Experimental Probabilities:  Preliminary Simulations

Experimental Probability

Probabilities help us to predict the likelihood of uncertain occurrences.  Basically, the probability of a particular outcome (e.g. a chip landing in the \$10,000 slot) is a number that tells us the relative frequency with which we expect the outcome to occur.  The experimental probability, denoted P(event), that an event will occur is computed by making many repetitions of an experiment and determining the relative frequency that the event occurs, so that P(event) = number of times event occurs / number of repetitions, that is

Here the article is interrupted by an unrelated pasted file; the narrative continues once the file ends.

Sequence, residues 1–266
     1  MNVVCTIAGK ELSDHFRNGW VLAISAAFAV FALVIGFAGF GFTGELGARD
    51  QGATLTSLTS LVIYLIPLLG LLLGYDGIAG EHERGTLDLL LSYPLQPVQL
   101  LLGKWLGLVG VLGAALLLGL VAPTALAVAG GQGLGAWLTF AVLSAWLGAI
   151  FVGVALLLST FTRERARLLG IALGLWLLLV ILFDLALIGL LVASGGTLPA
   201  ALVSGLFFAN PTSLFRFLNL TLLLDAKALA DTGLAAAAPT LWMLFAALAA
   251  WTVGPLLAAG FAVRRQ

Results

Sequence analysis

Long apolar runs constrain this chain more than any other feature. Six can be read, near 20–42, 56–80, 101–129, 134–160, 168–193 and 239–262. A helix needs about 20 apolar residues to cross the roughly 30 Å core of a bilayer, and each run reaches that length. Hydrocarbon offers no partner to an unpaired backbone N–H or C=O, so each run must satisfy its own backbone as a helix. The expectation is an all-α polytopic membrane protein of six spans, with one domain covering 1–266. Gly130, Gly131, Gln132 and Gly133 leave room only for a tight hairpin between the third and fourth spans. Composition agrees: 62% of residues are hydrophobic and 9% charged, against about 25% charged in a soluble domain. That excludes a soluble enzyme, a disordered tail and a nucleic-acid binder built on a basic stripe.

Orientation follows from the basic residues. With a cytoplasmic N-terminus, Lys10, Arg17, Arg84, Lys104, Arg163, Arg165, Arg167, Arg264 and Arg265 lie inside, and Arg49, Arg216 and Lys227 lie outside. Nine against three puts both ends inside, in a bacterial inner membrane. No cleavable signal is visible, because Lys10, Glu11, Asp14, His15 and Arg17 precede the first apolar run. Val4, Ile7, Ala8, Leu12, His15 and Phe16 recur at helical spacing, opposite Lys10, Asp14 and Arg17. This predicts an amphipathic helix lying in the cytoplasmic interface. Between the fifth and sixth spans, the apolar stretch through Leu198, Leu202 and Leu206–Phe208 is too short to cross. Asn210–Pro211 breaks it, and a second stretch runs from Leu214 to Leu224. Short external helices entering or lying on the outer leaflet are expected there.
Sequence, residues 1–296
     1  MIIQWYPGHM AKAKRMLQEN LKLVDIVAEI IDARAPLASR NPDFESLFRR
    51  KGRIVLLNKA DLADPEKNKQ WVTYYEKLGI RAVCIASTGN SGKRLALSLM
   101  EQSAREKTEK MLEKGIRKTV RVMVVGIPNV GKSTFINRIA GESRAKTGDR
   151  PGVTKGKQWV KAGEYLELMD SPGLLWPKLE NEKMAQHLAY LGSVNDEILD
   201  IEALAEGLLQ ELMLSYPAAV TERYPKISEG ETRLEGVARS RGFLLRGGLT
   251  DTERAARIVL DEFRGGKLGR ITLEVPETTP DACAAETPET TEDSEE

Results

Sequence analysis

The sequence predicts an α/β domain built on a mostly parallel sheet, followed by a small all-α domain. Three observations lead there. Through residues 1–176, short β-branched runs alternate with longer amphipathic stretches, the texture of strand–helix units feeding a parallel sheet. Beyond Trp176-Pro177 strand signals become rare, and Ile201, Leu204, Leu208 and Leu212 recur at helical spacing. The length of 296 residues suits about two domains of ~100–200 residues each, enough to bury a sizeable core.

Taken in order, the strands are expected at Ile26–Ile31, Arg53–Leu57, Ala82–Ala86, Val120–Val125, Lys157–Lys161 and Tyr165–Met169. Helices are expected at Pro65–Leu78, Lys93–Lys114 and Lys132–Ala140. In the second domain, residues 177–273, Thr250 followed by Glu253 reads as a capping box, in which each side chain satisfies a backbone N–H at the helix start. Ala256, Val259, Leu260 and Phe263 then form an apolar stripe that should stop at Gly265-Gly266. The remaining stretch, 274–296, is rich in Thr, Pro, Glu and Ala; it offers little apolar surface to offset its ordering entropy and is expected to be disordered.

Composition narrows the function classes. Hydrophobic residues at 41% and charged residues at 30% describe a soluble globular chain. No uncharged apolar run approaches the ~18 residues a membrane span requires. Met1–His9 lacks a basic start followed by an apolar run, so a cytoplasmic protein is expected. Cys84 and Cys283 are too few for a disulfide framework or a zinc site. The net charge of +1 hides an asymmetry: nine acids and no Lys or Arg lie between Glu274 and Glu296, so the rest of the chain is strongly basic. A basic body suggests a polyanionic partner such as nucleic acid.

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 Activity:  Have each student (or team of students if the class is large) drop 5 chips.  Record the starting slot, ending slot, and the dollar amounts for each play in the table  (click here to see a sample chart).  Students enjoy the competitive nature of the game, so recording total winnings keeps students interested despite the repetitive nature of the activity.  After each student or team has played, complete the chart to compute the probabilities, based on the cumulative data, of winning \$0, \$100, \$500, \$1000, \$10000 with a single chip.  This is a great time to ask students why they chose their particular starting slot.  What slot do they think is the best place to start the chip in order to win the big money?  How might we anticipate our winnings if we play with 5 chips? It is important to observe that experimental probabilities would likely vary from experiment to experiment and it is helpful at this point to discuss what factors might cause variation in the computations (have students to suggest ideas, but make sure that they understand that the number of repetitions in an experiment is a factor).